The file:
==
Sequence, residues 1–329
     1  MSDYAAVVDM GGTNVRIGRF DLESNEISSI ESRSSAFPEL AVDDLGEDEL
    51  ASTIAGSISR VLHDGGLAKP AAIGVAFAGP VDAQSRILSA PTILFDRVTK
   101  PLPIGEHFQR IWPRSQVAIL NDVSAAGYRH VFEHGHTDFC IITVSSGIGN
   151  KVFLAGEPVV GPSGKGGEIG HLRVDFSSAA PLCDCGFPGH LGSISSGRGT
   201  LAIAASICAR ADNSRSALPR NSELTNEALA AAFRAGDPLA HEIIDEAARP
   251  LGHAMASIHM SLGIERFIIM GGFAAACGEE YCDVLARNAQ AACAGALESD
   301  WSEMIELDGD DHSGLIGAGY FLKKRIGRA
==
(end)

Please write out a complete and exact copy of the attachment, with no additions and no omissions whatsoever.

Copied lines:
Sequence, residues 1–329
     1  MSDYAAVVDM GGTNVRIGRF DLESNEISSI ESRSSAFPEL AVDDLGEDEL
    51  ASTIAGSISR VLHDGGLAKP AAIGVAFAGP VDAQSRILSA PTILFDRVTK
   101  PLPIGEHFQR IWPRSQVAIL NDVSAAGYRH VFEHGHTDFC IITVSSGIGN
   151  KVFLAGEPVV GPSGKGGEIG HLRVDFSSAA PLCDCGFPGH LGSISSGRGT
   201  LAIAASICAR ADNSRSALPR NSELTNEALA AAFRAGDPLA HEIIDEAARP
   251  LGHAMASIHM SLGIERFIIM GGFAAACGEE YCDVLARNAQ AACAGALESD
   301  WSEMIELDGD DHSGLIGAGY FLKKRIGRA